NATIONAL BUREAU OF ECONOMIC RESEARCH
NATIONAL BUREAU OF ECONOMIC RESEARCH

Disability Insurance and Retirement Around the World

In the U.S. and many developed countries, older men's labor force participation declined steeply after WWII, during the same period that social security and disability insurance programs were growing rapidly. Since the 1990s, labor force participation has rebounded in many of these countries. Many countries have also made reforms to their pension programs over the past two decades, such as increasing the retirement age or reducing the generosity of the benefit formula.

What are the effects of pension program provisions on the labor force participation of older persons? For over a decade, the International Social Security (ISS) project has used the vast differences in program provisions across a dozen developed countries as a natural laboratory to study this question. A central finding of the ISS project is that the provisions of social security and related government programs provide strong incentives for workers to leave the labor force at relatively young ages, and that reducing the inducement to leave the labor force can lead workers to delay retirement and yield large improvements in the financial position of government budgets.

In Social Security Programs and Retirement Around the World: Disability Insurance and Retirement - Introduction and Summary (NBER Working Paper No. 20120), Courtney Coile, Kevin Milligan, and David Wise summarize the findings of the most recent phase of the ongoing ISS project, which reflects work by three dozen researchers in the represented countries. This phase focuses on the effect of disability insurance (DI) programs, asking how changing the provisions of country DI programs would affect retirement behavior.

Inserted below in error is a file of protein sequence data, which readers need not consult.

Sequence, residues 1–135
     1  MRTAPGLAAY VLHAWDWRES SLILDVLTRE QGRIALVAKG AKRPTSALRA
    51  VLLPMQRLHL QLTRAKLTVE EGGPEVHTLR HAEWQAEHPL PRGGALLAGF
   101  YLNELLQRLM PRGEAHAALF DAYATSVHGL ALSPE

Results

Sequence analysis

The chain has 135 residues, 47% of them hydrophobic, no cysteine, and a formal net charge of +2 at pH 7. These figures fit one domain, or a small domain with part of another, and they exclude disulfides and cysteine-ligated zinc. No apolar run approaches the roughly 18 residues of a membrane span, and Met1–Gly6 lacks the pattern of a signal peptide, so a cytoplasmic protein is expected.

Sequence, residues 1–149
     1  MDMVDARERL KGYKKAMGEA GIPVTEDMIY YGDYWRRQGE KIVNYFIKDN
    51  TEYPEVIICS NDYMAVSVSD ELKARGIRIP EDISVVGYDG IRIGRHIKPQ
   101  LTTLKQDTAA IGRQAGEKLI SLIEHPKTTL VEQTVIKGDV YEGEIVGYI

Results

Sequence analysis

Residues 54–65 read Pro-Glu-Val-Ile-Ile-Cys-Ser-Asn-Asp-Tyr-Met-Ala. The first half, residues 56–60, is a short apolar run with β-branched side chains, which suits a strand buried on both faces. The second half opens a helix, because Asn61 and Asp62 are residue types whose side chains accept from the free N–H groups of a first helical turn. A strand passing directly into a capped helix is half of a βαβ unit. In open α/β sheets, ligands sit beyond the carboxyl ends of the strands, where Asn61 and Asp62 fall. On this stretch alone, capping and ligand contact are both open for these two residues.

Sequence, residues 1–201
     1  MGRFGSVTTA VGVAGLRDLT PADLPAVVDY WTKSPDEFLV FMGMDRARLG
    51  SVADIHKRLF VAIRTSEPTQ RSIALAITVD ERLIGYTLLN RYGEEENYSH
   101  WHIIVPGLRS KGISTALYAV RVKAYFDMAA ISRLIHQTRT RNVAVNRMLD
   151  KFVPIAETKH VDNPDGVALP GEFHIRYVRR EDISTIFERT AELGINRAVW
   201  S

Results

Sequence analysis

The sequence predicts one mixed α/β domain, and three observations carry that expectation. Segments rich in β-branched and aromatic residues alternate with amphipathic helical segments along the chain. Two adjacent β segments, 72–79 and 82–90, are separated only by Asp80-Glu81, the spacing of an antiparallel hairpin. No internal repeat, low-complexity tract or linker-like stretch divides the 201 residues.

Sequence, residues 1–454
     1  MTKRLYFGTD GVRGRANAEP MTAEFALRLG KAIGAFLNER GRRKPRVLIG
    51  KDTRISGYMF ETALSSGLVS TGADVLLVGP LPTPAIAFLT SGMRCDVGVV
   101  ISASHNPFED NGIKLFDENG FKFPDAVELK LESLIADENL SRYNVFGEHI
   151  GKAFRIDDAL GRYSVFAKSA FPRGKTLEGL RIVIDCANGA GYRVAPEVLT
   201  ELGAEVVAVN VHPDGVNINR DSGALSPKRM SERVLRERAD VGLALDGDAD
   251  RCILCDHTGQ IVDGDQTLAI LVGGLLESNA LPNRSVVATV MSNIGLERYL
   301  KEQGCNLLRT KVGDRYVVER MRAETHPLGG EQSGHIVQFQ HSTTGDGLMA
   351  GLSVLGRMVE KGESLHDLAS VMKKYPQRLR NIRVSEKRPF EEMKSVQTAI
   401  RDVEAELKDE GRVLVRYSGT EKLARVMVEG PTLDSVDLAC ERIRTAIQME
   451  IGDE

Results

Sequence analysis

The authors begin by pointing out that the share of men age 60 to 64 on DI varies substantially across countries, from 16 percent in the U.K. to 14 percent in the U.S. to 6 percent in France and 2 percent in Japan in 2009.

Trends in DI participation over time are also informative. In most of the countries, DI participation rose until the late-1980s to mid-1990s and fell dramatically thereafter. The DI participation rate for men age 60 to 64 peaked at or above 20 percent in six of these countries, reaching 36 percent in Sweden in 1993. Since then, participation rates have declined by 30 to 50 percent. The U.S. is a distinct outlier from this trend, as participation dipped briefly after 1980 but has climbed steadily since then.

Are these differences in DI participation across countries and within countries over time driven solely by differences in health? The sheer magnitude of cross-country differences casts doubt on this theory, as does the fact that mortality improved steadily in all countries during the period that participation rates first rose then fell.